Debuting with the SF Giants in 2012 and spending time in Colorado, Los Angeles (with the Dodgers) and Atlanta, Culberson turned into a useful but primarily bench player in each of those stops.
The 32-year-old has never had an OPS higher than .792 over a full-season his career and only has 25 home runs to his name.
His impact has been felt in more ways than just one in those places, though, as a leader and as a clutch hitter (hence the nickname “Charlie Clutch“).
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Being a leader and hitting in the clutch are intangibles that can’t be quantified. The Rangers are lucky to have a player in Culberson who does both aptly.
Culberson came into Texas Rangers camp in 2021 prepared and ready to win a job, which he did.
The signing is looking like a wise investment for the team.
It’s only been 16 games, but “The Avenger” (more on that later), is already outpacing his career bests this season, with a .797 OPS in 31 at-bats. His .281 on-base percentage leaves much to be desired, but he also gets limited at-bats to try and get on base in the first place.
Culberson also has two home runs on the season. His career high is 12, which he set back in 2018 with the Braves. If he continues to get regular playing time in Texas (which he should), there’s a strong possibility he could surpass that mark.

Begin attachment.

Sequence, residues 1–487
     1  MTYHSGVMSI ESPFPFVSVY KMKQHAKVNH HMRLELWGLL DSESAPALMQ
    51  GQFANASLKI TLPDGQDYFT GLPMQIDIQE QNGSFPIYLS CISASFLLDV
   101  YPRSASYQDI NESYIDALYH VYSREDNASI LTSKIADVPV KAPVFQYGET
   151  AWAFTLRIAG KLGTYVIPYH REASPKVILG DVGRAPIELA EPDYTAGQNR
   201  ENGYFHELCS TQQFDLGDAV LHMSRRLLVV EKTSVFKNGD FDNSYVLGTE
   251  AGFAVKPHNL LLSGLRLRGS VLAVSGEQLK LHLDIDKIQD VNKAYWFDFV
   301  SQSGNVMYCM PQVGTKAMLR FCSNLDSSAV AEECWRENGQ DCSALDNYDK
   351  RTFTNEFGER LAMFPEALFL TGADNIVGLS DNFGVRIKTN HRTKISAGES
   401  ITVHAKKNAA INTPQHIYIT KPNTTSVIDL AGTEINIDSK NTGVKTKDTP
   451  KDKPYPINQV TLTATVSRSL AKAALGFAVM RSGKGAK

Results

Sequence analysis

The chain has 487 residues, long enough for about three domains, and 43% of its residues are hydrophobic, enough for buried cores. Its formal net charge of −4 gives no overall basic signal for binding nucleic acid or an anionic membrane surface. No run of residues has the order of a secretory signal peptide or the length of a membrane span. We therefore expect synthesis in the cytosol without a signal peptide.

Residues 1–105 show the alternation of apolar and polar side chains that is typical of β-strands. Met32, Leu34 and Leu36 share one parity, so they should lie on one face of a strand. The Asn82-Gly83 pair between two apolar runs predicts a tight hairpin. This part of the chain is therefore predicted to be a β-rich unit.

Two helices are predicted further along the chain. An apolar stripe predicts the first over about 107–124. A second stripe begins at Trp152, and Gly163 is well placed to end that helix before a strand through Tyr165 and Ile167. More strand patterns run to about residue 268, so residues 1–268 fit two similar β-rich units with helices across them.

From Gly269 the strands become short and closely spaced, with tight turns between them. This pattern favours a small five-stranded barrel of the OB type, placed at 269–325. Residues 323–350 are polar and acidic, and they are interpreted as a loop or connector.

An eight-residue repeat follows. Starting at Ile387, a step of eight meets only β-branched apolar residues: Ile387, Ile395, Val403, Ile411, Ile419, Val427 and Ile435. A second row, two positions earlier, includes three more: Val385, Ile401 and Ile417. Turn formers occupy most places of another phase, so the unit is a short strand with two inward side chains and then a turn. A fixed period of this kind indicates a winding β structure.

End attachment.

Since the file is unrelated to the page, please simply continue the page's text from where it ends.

Charlie Culberson has been better than the Texas Rangers ever could’ve anticipated.
Culberson has also been valuable with the leather, having flashed his glove multiple times this season, including this highlight reel play from Sunday’s win over the Baltimore Orioles.
It’s those types of hustle plays that really illustrate Culberson’s worth to this team.
Oh, by the way, he also happens to be the Texas Rangers’ resident Marvel Avenger!
Culberson’s passion for the MCU is something that many fans can relate to and appreciate about the veteran utility infielder.
The dark, flowing locks can’t hurt his popularity with the fanbase either.
The Georgia native should continue to see playing time this season even as the Texas Rangers decide to call up top prospect Josh Jung to eventually play third base, where Culberson has been seeing most of his action to this point.
Even if the 32-year-old is relegated to more of a bench role by mid-season, it’s a job he has embraced and performed quite adeptly over the course of his career.
Regardless of Culberson’s role on the Texas Rangers, one thing is clear: his presence and contributions to this team have been nothing short of invaluable.